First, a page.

On Wednesday, just after this newsletter published, a reporter asked Gov. Andrew Cuomo at a news conference if New York City’s public schools would be open on Thursday.
“Parents are still confused,” Jimmy Vielkind, a reporter for The Wall Street Journal, said.
“They’re not confused,” Cuomo responded brusquely. “You’re confused.”
Just minutes later, our colleague Eliza Shapiro broke the news that schools would indeed close after less than eight weeks of in-person classes.
“This entire summer and fall has been extraordinarily stressful and confusing for parents,” Eliza told us. “But this week may have been a nadir.”
The official decision finally came down just after 2 p.m. in a district email sent to school principals, not from Cuomo or Mayor Bill de Blasio, who had repeatedly delayed his own news conference. Parents had mere hours to arrange for Thursday’s child care.
“I’m in my savings already paying someone to watch my kids and manage remote learning while I work,” a parent named Kelly, who has a 4-year-old and a 6-year-old, wrote in a roundup of parent frustrations published on the news site The 74. “Why are we paying taxes?”
On Thursday, parents of some of the 300,000 students who had returned to classrooms for hybrid learning came to City Hall to protest the closure.
One parent, Laura Espinoza, has 6-year-old twins, both of whom have disabilities. They were attending school in Brooklyn five days a week — a rarity for city students. Now they will have classes at home indefinitely.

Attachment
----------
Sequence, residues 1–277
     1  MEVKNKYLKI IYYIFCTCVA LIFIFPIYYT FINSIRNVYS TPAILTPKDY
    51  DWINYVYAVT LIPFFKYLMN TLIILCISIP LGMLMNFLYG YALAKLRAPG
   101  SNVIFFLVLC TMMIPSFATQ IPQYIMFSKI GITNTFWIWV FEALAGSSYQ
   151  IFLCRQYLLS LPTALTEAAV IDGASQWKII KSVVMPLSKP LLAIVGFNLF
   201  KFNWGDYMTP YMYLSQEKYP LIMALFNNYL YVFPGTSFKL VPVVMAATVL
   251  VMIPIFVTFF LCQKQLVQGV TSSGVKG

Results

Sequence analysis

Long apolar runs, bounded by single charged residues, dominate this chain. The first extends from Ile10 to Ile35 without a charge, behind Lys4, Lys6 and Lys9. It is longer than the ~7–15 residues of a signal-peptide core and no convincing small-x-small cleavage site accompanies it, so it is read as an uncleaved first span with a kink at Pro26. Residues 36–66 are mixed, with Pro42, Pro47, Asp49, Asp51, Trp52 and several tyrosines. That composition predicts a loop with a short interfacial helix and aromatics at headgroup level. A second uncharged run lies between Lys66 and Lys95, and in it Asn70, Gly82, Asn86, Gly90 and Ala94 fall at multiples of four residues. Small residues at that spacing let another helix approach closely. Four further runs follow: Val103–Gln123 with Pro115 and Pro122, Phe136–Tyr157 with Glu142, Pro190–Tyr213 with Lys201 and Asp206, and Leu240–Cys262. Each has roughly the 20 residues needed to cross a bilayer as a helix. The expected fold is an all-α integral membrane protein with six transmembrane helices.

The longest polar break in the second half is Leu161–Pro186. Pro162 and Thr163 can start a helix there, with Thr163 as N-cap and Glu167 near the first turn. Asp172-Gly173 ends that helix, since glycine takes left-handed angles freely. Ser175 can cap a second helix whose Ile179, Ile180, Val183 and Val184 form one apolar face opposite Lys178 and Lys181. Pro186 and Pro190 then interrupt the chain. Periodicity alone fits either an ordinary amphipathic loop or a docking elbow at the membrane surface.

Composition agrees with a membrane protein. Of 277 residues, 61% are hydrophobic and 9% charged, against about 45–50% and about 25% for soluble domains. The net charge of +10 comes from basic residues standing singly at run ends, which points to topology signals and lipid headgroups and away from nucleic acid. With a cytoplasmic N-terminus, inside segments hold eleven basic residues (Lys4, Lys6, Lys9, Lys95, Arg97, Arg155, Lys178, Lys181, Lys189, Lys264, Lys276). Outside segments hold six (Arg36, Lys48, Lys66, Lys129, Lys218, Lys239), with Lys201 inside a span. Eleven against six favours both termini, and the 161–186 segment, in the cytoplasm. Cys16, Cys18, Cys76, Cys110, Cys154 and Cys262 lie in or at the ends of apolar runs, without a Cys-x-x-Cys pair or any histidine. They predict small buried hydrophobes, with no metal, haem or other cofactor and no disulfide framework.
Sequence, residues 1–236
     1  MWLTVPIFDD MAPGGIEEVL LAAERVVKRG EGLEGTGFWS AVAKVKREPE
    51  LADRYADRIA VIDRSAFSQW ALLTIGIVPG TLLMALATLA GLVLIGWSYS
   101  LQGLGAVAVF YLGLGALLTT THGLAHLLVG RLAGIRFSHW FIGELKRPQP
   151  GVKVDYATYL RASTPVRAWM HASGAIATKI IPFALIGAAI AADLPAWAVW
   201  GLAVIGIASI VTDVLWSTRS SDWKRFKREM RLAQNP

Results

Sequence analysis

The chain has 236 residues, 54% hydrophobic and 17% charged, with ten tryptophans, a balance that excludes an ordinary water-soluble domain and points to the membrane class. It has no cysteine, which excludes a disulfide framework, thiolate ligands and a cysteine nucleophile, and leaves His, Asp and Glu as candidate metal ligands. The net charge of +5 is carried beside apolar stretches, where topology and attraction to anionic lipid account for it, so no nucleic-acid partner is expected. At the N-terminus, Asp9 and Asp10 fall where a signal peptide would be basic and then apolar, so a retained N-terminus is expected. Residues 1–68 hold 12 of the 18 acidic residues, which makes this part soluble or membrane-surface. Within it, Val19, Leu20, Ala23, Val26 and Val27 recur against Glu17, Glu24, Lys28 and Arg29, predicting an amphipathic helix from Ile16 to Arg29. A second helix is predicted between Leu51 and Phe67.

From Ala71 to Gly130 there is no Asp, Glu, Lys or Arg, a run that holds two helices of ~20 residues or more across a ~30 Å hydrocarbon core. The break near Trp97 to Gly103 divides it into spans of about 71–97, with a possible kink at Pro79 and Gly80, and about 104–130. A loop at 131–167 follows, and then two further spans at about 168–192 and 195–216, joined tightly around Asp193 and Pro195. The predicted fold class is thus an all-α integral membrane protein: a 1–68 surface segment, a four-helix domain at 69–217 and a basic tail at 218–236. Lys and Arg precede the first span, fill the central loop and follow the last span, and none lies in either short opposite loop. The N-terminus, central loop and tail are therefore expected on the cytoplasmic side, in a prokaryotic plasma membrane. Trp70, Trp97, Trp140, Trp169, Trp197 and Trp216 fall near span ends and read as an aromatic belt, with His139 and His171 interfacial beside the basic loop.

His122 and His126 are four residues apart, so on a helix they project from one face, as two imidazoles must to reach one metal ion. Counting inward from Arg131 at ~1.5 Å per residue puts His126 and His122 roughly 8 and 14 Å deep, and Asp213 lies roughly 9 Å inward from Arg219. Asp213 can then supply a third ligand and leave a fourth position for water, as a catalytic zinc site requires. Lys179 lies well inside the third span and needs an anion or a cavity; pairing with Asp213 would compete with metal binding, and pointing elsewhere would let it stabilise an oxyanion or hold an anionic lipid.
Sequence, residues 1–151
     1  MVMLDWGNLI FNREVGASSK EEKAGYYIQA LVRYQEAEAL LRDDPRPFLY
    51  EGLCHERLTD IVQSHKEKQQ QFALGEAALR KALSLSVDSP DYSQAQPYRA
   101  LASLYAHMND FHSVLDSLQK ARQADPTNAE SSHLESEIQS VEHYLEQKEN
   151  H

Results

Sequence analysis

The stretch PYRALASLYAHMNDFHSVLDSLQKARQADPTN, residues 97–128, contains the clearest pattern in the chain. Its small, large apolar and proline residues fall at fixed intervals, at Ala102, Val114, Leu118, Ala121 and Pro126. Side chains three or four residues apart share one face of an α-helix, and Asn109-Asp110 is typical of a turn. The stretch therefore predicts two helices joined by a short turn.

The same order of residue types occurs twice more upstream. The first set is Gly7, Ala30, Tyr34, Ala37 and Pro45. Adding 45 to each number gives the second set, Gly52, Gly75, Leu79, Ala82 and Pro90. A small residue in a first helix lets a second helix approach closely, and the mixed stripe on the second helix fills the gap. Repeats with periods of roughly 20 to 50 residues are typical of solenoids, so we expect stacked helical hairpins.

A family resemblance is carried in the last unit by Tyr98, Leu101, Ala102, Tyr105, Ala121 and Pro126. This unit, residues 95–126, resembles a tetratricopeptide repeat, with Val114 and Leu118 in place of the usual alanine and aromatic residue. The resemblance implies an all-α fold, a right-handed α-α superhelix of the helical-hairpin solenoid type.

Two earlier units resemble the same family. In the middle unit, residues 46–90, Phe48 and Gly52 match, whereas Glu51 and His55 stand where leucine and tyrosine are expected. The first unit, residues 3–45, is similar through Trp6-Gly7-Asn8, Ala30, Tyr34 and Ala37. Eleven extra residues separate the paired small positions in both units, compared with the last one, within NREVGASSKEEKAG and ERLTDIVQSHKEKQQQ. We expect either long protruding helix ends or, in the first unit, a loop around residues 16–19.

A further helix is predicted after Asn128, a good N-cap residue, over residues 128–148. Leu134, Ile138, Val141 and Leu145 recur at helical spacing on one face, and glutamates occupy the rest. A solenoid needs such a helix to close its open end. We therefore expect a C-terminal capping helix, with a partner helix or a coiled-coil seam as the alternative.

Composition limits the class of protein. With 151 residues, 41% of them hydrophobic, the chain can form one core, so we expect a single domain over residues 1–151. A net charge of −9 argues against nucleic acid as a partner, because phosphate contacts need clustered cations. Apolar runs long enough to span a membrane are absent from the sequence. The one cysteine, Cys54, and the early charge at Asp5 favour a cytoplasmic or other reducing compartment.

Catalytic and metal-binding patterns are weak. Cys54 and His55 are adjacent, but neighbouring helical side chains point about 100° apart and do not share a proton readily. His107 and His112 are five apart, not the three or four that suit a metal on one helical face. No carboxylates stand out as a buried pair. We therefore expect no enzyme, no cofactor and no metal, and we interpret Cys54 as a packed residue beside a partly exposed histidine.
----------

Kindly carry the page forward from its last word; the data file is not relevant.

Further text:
“They don’t adapt to change quickly; all this back and forth has not been good for them,” she said.
Marilyn Martinez and her wife both work full time. “Does the mayor think we’re all stay-at-home moms?” asked Martinez, who lives in Harlem. “I ran out of family leave.”
Across the country, women bear the brunt of child care, and mothers have dropped out of the work force at alarming rates to see their families through remote learning. In New York City, low-income women and women of color disproportionately bear the brunt of school closures.
There are also still tens of thousands of children, including those in homeless shelters, who have not received iPads or laptops that were promised from the city.
College cases are spiking
The Times has counted more than 68,000 new cases on college campuses since early November. Since the start of the pandemic, more than 321,000 people on campuses have tested positive. At least 80 have died.
To understand the whiplash of this chaotic semester, take a look at the University of Michigan, one of the biggest universities in the country.
The flagship campus in Ann Arbor did not initially implement weekly or bi-weekly mandatory testing, even as thousands of students returned to dorms. Nearly one in three classes met in person, despite protests and outcry from faculty and graduate instructors. The Big Ten football season began after a delay, complete with tailgate parties.
The result? Cases surged, with social gatherings as a major source of infections. In October, county health authorities ordered the whole campus to shelter in place.
“The school’s chaotic fall has typified the struggles of big state universities that tried to maintain some semblance of normalcy amid contagion, allowing intercollegiate sports, Greek life and off-campus housing — often without the kind of mandatory coronavirus testing considered crucial to containing outbreaks,” wrote our colleague Shawn Hubler.
Today, students left campus and returned home after the university pivoted to near-universal remote instruction.